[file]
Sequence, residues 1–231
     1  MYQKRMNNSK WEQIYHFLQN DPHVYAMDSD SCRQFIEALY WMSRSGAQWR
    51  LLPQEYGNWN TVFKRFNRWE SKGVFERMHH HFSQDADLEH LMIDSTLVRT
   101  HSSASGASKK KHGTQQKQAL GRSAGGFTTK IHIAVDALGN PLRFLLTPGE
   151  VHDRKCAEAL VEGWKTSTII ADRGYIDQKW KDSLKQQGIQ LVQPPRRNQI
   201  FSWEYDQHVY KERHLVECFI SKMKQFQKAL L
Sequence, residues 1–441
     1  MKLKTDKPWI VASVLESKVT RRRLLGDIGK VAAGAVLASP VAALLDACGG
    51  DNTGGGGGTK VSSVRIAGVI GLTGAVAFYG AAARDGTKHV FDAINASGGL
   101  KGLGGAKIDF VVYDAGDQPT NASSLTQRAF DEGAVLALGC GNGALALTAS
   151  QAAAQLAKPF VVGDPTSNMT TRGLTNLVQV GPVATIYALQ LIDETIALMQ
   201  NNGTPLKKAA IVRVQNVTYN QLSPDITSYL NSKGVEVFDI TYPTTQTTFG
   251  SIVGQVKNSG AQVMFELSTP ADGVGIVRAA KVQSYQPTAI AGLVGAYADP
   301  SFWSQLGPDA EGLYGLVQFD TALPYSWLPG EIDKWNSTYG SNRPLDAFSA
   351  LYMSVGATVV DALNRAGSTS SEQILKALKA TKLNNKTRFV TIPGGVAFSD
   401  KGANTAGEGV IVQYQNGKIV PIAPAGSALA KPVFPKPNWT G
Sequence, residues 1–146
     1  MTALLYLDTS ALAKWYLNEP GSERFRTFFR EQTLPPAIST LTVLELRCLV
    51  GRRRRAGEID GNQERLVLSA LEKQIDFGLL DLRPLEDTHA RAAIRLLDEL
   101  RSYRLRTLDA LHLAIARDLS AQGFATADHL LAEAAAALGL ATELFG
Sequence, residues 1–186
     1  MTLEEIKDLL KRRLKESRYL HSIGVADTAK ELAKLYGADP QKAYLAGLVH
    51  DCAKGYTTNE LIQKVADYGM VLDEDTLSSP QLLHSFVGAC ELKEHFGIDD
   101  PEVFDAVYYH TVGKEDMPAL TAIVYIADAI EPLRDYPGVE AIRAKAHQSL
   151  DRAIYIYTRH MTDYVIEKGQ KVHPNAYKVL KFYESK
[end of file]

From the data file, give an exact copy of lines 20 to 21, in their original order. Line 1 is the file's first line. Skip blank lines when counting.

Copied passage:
   101  RSYRLRTLDA LHLAIARDLS AQGFATADHL LAEAAAALGL ATELFG
Sequence, residues 1–186